Feds’ plan for neonicotinoids makes little sense, environment groups say

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  • OTTAWA — Environment groups are calling out Canada’s approach to assessing pesticides after seven years of reviews led Health Canada to simultaneously decide to allow certain popular products to keep being used with restrictions, and to propose banning the same products from outdoor uses altogether.

    The Pest Management Regulatory Agency on Thursday released its final decision on what limits should be placed on a category of nicotine-based pesticides known as neonicotinoids to keep them from killing bees. Starting in two years, the pesticides won’t be allowed to be sprayed at all on certain crops like apples and tree nuts and there will be limited times when they can be sprayed on many others, like tomatoes, eggplants and berries.

    Products that have no alternatives are given an extra year before they are affected by the decision.

    The agency said the risks the products pose to bees in other applications, such as pre-treating seeds, are acceptable and only require new labels to warn of the dangers. Most of Canada’s canola and corn crop seeds are pre-treated with neonicotinoids, along with about half the country’s soybean seeds.

    However, this decision, which won’t begin to take effect until 2021, will likely be overridden in less than a year when the agency finalizes a separate assessment of the exact same products for their impact on aquatic insects. The agency found in 2016 that the most popular of the neonicotinoids was building up in ground and surface water and recommended banning it outright. It also launched a special assessment of the other two most common “neonics,” concluding in 2018 that they also needed to be banned.

    The very final decision on that won’t come until January 2020.

    “Right now this is strictly about the risk to pollinators and for this assessment not all uses pose an unacceptable risk to pollinators,” said Scott Kirby, the director general of the environmental-assessment division of the pest management agency.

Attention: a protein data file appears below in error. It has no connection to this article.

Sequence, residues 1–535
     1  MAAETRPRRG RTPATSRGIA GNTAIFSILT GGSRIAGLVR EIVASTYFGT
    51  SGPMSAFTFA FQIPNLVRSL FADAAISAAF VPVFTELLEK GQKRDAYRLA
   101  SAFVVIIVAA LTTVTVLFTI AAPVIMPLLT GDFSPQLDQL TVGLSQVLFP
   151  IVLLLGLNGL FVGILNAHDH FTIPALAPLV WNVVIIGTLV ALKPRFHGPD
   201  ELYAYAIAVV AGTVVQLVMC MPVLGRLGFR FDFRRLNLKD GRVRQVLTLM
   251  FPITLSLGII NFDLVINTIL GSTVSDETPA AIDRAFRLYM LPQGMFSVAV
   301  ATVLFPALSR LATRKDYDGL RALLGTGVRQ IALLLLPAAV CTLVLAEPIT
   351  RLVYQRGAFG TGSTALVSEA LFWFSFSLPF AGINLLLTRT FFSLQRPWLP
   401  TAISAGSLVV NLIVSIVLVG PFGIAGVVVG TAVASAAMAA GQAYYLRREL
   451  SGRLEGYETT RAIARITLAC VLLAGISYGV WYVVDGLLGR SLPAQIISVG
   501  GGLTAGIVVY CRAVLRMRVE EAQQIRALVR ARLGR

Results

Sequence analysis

Lisa Gue, a senior researcher at the David Suzuki Foundation, said it is “disturbing” that the agency is continuing to allow neonicotinoids at all given that the agency’s scientists have concluded they cause unacceptable harm to any kinds of insects.

    “The decision-making process here is just incomprehensible and incoherent,” she said.

    Beatrice Olivastri, the executive director of Friends of the Earth Canada, said the agency’s fragmented approach to reviewing the products is “nonsensical.”

    Neonicotinoids are used by farmers and hobby gardeners alike to manage pests like aphids and spider mites. Scientists blame the chemicals for weakening bees, making them more susceptible to disease and bad weather.

    More than one-third of the world’s food crops require pollinators, like bees, for production.

    The European Union banned neonicotinoids at the end of last year after scientists concluded there was no safe way to use them without hurting bees. In 2017, a task force at the International Union for Conservation of Nature updated a compilation of more than 1,100 peer-reviewed research studies of neonicotinoids and concluded there was no doubt they harm bees.

    Mia Rabson, The Canadian Press